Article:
Art Project Involving Cumbrian Communities Hosts Grand Finale At Keswick Alhambra
A short film starring Keswick and Cumbrian community members had its world premiere screening at the Keswick Alhambra cinema on Saturday 16 October 2021.
The film is the outcome of a long-running art project called Desire Lines focused on Crow Park in Keswick exploring the relationship between the communities in the town and the local landscape.
The Desire Lines project has been hosted by the National Trust and was led by artist Rebecca Beinart, who has worked with over 100 people in Keswick since January 2020, ranging from the pupil’s arts council at St Herbert’s Primary School, to members of Sustainable Keswick and Keswick Natural History Society.
Directing the film enabled Rebecca to collaborate with a number of Cumbria-based artists and creatives, including film maker and sound artist R.L. Wilson, film maker Laurence Campbell, writer and artist Wallace Heim and costume designer Maggi Toner-Edgar.
Creative writing by community participants helped to form the script, and the costumes were made from unwanted outdoor material donated by local companies with help from Viri Sica and the repair shop at Alpkit Keswick.
Artist Rebecca Beinart said “The ‘Desire Lines’ film is rooted in Crow Park and explores how a familiar viewpoint can reveal different ways of experiencing place. It brings together different strands from workshops and research throughout the project, including visual design, costumes, movement and creative writing. It’s been amazing to work with so many local people over the past 18 months – through the challenges of the pandemic – and to be able to share a collaborative creation!”
Carol Rennie from Keswick Alhambra said “We’re so excited to be hosting the world premiere of a film that’s involved so many people from Keswick and Cumbria communities, especially on our second night of reopening after our refurbishment.”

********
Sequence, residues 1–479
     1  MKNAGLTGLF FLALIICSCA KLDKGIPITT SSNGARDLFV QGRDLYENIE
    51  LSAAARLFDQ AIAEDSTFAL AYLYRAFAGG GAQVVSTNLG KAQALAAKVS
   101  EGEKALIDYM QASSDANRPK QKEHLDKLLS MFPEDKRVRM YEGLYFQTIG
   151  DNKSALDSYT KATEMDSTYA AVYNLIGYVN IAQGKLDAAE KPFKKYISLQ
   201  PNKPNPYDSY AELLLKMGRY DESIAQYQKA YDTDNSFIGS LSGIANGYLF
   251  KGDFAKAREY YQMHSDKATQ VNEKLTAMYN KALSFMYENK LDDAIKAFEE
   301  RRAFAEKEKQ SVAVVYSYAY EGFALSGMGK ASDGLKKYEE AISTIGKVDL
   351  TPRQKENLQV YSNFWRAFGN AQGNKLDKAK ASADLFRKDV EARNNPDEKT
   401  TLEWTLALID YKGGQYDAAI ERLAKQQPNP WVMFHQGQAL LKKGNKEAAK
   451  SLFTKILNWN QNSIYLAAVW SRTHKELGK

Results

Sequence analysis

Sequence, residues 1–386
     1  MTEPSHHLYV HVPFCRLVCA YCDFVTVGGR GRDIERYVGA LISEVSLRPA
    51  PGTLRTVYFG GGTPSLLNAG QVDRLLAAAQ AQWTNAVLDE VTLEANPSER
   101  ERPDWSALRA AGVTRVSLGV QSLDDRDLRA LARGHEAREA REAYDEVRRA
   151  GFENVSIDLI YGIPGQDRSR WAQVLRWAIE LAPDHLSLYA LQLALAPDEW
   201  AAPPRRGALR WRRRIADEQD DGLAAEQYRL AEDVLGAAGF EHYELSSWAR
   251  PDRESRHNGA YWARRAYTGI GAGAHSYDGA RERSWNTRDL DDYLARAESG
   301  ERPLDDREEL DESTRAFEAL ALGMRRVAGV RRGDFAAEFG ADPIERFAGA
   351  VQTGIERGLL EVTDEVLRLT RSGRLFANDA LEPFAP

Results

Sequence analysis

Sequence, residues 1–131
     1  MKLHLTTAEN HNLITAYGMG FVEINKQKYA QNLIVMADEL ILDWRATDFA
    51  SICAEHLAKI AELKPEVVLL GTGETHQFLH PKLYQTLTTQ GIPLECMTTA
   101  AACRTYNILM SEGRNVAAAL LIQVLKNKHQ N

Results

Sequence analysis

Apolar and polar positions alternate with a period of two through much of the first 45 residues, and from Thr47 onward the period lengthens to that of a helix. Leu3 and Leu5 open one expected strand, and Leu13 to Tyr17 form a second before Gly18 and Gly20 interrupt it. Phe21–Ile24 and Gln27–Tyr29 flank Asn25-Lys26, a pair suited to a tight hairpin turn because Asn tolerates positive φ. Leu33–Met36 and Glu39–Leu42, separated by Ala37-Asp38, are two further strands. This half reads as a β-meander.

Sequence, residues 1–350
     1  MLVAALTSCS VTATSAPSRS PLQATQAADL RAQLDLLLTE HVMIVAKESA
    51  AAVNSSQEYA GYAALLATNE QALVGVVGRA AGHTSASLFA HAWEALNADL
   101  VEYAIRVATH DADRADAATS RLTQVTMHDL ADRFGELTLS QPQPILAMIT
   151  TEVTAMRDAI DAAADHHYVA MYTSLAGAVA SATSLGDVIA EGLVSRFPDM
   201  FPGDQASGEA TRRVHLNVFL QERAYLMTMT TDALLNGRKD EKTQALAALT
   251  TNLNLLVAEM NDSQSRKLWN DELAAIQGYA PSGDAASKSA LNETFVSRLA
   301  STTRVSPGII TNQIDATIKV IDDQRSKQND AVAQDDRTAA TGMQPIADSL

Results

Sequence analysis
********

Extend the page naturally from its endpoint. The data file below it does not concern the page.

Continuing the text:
Jessie Binns from the National Trust said, “It’s been such a humbling process seeing the outpouring of creativity from the people who live on the doorstep of Crow Park, which we’ve cared for on behalf of the nation since 1925. Listening to the voices of the people who live and work in the places we look after is so vital, and this project has also highlighted the importance of listening to the non-human voices too: in the film the weather, water, plants, birds, animals and insects – even the geology – get a starring role.”
80 guests are expected to attend the world premiere at the Keswick Alhambra where the screening of the film will be accompanied by bespoke refreshments inspired by the project’s creative writing workshop “Eating the Landscape” provided by Kat’s Kitchen, Keswick Brewery and Eva’s Organics. A Q&A with the artist and the film makers will follow.
The short film will be made available to watch online via the website nationaltrust.org.uk/desire-lines a week after the premiere.
The Desire Lines project is part of Trust New Art, the National Trust’s programme of contemporary arts, supported with public funding by Arts Council England and produced with support from Arts&Heritage.